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Wednesday, January 16, 2013

Julia Child's Recipe for Chicken Breasts with Mushrooms & Cream

One of my favorite chicken dishes in the whole entire world is Chicken Marsala. There is truly nothing more tasty than the combination of mushrooms, wine and cream sauce over chicken in my opinion.  To be honest almost every new Italian restaurant we try I always first order the chicken Marsala to decide whether it's a restaurant that I want to revisit a second time or not.

I also learned to make chicken Marsala pretty well at home. But when I saw this recipe pinned on Pinterest made by Sugar & Spice by Celeste from Julia Child for Chicken Breasts with Mushroom Cream Sauce I decided I needed to give it a try because it had all of the things I love in a chicken recipe.

I finally got around to making it on a Tuesday after a horrifically awful day as a principal responsible for adults who make horrific choices with children but are legally protected by a very strong contract. Comfort, distraction from reality and a reason to open a good bottle of white wine were the perfect remedy for a bad day and need to make this recipe.

This may be the most simple, perfect recipe I've made yet from Julia Child. It really was straight forward and came all together quickly.

Although made with cream and dry vermouth this version of chicken with a mushroom cream sauce was so bright and tasted so much lighter than my favorite chicken Marsala recipes. We both think the addition of lemon juice made a huge difference in the lighter feel of this recipe. We served it with steamed asparagus and plain version of Risotto. 

We both loved this recipe and it easily will be added to one of our favorite recipes collection.

We enjoyed the dish paired with a wonderful Oregon made Chardonnay, Nuthouse made by Argyle Winery that we enjoyed visiting. 


Supremes de Volaille aux Champignons 
(Chicken Breasts with Mushroom and Cream)
Source: Mastering the Art of French Cooking, Vol. I by Julia Child, Louisette Bertholle and Simone Beck (Knopf, 1961) From Sugar & Spice by Celeste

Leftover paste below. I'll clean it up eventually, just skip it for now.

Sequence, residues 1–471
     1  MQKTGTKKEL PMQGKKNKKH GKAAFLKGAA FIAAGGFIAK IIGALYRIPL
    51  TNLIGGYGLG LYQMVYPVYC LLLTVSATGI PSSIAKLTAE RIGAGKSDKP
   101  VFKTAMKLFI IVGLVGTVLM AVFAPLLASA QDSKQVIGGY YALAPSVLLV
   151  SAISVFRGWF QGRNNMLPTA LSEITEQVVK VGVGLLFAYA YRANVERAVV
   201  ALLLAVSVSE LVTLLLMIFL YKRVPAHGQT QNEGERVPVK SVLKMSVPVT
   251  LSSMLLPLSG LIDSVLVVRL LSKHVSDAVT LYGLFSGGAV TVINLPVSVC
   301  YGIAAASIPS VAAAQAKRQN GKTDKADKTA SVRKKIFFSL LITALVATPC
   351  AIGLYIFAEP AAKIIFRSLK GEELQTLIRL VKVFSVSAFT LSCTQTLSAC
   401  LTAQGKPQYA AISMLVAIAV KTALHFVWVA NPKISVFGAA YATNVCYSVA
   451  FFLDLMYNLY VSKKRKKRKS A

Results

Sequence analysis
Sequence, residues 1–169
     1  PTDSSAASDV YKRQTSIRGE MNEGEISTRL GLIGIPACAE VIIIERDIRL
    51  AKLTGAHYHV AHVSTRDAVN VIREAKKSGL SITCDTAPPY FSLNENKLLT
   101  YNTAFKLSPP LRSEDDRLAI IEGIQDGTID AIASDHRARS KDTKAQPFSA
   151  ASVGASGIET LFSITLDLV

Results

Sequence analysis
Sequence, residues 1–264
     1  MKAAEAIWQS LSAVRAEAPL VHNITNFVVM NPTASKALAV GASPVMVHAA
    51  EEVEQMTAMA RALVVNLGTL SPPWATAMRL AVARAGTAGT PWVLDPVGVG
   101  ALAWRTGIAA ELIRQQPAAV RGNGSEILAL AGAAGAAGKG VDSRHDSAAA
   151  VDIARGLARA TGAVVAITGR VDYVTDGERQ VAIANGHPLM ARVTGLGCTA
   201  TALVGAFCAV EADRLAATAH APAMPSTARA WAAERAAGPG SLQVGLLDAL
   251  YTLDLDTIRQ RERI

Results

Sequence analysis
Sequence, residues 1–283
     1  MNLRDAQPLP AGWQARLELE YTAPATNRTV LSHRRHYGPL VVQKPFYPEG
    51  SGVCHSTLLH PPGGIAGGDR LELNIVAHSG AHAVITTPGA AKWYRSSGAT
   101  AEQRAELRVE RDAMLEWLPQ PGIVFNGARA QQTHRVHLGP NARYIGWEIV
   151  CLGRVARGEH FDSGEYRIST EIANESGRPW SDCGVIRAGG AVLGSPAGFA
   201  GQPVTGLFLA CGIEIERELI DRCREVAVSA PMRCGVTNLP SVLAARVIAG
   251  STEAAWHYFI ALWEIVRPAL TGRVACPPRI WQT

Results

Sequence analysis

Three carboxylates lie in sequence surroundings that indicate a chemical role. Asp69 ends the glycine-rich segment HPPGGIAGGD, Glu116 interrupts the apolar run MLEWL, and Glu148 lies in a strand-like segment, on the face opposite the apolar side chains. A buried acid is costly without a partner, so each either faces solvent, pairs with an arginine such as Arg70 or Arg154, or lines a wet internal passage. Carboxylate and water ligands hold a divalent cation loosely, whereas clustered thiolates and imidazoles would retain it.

4 supremes (boneless, skinless chicken breasts)
1/2 teaspoon lemon juice
1/4 teaspoon salt
Big pinch white pepper
5 tablespoons butter
1 tablespoon minced shallot 
1/4 pound diced or sliced fresh mushrooms
1/8 teaspoon salt

For the sauce:
1/4 cup white or brown stock or canned beef bouillon
1/4 cup dry white vermouth
1 cup whipping cream
Salt and pepper
2 tablespoons freshly minced green onion

Directions:Preheat oven to 400 degrees.

Rub the chicken breasts with drops of lemon juice and sprinkle lightly with salt and pepper. Heat the butter in a heavy, oven-proof casserole, about 10 inches in diameter until it is foaming. Stir in the minced shallots or green onion and saute a moment without browning. Then stir in the mushrooms and saute lightly for a minute or two without browning. Sprinkle with salt.

Quickly roll the chicken in the butter mixture and lay a piece of buttered wax paper over them, cover casserole and place in hot oven. After 6 minutes, press top of chicken with your finger. If still soft, return to oven for a moment or two. When the meat is springy to the touch it is done. (Please Note: Although Julia suggests to check the chicken after only 6 minutes, I cooked it for closer to 30-40 minutes. Please use a meat thermometer to ensure the correct temperature, 165 degrees, before serving!)

Remove the chicken to a warm platter (leave mushrooms in the pot) and cover while making the sauce (2 to 3 minutes).

To make sauce, pour the stock and vermouth in the casserole with the cooking butter and mushrooms. Boil down quickly over high heat until liquid is syrupy. Stir in the cream and boil down again over high heat until cream has thickened slightly. Off heat, taste for seasoning, and add drops of lemon juice to taste. Pour the sauce over the chicken, sprinkle with green onion nd serve immediately.

Serves 4.

Source: “Mastering the Art of French Cooking, Vol. I” by Julia Child (Knopf, 1961)


  1. I have been really impressed by going through this awesome blog.
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  2. Just made this for dinner!! Very good!! Took a little longer than I expected, but it was delicious! Thank you for putting this on your website!!

  3. I think the size of chicken breasts has changed dramatically since Julia Child's day, which could account for some of her shorter cook time.

  4. Here's an idea: keep your political comments about teachers out of your recipes.

    1. Or you could choose to not read the blog. This is our space (from the prospective of an active teacher and current principal who live and cook together) to share our life through food. Folks have the option to follow or not.

    2. A "teacher" who can't spell (or maybe doesn't know the difference?) Perspective!!!
      OMG we (and our children) are in trouble!!!!

  5. Thanks for sharing! I looked through all my cookbooks including a Julia Child cookbook for chicken with mushroom sauce but could not find even one. So we will be trying this out tomorrow. Thanks again and happy blogging:-)